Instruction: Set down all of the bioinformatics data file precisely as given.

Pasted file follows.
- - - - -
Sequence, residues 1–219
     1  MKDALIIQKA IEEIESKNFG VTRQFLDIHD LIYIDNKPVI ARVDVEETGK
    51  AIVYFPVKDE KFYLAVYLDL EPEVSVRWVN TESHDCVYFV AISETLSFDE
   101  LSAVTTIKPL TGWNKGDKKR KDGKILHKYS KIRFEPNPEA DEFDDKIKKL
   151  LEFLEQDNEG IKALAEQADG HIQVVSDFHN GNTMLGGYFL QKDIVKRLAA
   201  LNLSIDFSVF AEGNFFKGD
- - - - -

Sequence, residues 1–219
     1  MKDALIIQKA IEEIESKNFG VTRQFLDIHD LIYIDNKPVI ARVDVEETGK
    51  AIVYFPVKDE KFYLAVYLDL EPEVSVRWVN TESHDCVYFV AISETLSFDE
   101  LSAVTTIKPL TGWNKGDKKR KDGKILHKYS KIRFEPNPEA DEFDDKIKKL
   151  LEFLEQDNEG IKALAEQADG HIQVVSDFHN GNTMLGGYFL QKDIVKRLAA
   201  LNLSIDFSVF AEGNFFKGD